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Turning printer off after print

Discussion in 'Mods and Upgrades' started by Domenic, Jan 3, 2017.

  1. Domenic

    Domenic Member

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    Letting my printer run for 10+ hours, even after the print is finished, can be a real pain. I was wondering if there is a way to automatically have the printer turn off after the print is finished. I was first thinking of doing it mechanically where the bed pushed a lever which pushed the power switch. Then I researched home automation, specifically the amazon dot. I was thinking that if I could plug the printer into a wemo switch. The dot can connect to the wemo switch and turn it on and of by command. I was thinking that I could set a timer or a specific time for the dot to turn the printer off. The problem with this is that it would be cutting the power directly from the cable and not the switch. I am wondering if cutting the power from the switch would damage the printers power supply in any way?

    Thanks
     
  2. WheresWaldo

    WheresWaldo Volunteer ( ͠° ͟ʖ ͡°)
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    One small consideration. In order to prevent filament jams you really need the extruder fan to run continuously after the print until the nozzle is back below the Tg temperature. You need to do this in order to prevent heat creep up into the cool end section. This should only take a few minutes but should be a standard practice. So if you can figure out how to shut down after a delay of a few minutes past the end of the print, that should take care of that particular issue.
     
  3. mark tomlinson

    mark tomlinson ༼ つ ◕_ ◕ ༽つ
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    Should be fine other than the printing considerations @WheresWaldo already pointed out.
     
  4. MechEng70

    MechEng70 New Member

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    How are you controlling your printer?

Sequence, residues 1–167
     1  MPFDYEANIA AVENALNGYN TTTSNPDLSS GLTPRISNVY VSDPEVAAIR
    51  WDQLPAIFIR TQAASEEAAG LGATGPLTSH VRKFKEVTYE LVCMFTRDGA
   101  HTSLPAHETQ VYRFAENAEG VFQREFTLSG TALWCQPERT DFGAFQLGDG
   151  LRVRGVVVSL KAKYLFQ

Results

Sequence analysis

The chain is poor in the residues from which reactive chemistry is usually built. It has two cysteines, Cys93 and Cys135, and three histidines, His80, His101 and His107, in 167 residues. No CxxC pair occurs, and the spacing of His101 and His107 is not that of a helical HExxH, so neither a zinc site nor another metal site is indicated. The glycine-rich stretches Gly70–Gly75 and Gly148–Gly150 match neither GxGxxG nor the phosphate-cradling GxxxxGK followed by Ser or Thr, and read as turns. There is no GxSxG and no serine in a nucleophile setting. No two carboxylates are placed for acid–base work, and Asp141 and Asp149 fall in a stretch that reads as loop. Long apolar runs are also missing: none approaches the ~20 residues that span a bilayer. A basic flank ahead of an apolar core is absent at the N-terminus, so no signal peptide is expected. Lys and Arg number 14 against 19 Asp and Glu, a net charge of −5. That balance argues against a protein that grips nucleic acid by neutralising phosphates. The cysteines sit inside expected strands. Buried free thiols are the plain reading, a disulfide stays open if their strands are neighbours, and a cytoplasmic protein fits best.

I use a raspberry Pi with octopi. Then a 5V relay (modified for 3.3V) is in the printer Power cord. This relay is in the NC position. This is wired to the pi. And in the Open when the raspberry pi is on. The printer can be turned off and on via octopi web interface.

    Probably a little more involved than a wemo or zwave switch. ;)


    Sent from my iPhone using Tapatalk
     
  5. Rigmarol

    Rigmarol Well-Known Member

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    Wow! I am so LOW TECH on this one I'm laughing.
    I took a standard christmas tree lights timer (lamp timer whatever) and I plugged my printer into it. I note how long the slicer says it will take and I add about an hour to it, close enough. I've been using it for a few months now and have had no issues whatsoever.

    Timer = less than $5 at any hardware store.,
    Might even be on sale now after Christmas.
     
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  6. mark tomlinson

    mark tomlinson ༼ つ ◕_ ◕ ༽つ
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    :) lowtech rulz
     
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  7. MechEng70

    MechEng70 New Member

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    I agree that mine may be a little more high tech. ;)
    Went this route because I already had the raspberry pi controlling the printer (also has a camera to monitor the build remotely).
    I basically added the relay (< couple bucks) and code to the octopi.


    Sent from my iPhone using Tapatalk
     
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  8. Doug Meek

    Doug Meek Member

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    This sounds interesting but how is the relay electrically connected to the Pi and what in Octopi allows you to control it? I have a Pi and Octopi but what in that interface allows this or did you add code to Octopi?
     
  9. mark tomlinson

    mark tomlinson ༼ つ ◕_ ◕ ༽つ
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    There commands in Marlin to trigger RAMPS I/O pins (unused ones) or you can do it all on the Pi.
    For our DLP that is how we control the shutter in Marlin -- a RAMPS I/O pin wired to a servo and an Mxxxx command to open and close
     
  10. MechEng70

    MechEng70 New Member

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    Actually quite easily. There is a power, ground and signal from the pi.

    Start here.
    https://github.com/foosel/OctoPrint/wiki/Controlling-a-relay-board-from-your-RPi




    Sent from my iPhone using Tapatalk
     
  11. Domenic

    Domenic Member

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    WOW that is a good idea I will definitely try it out.
     
  12. Domenic

    Domenic Member

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    Very good to know. I would not want to damage the printer in any way.
     

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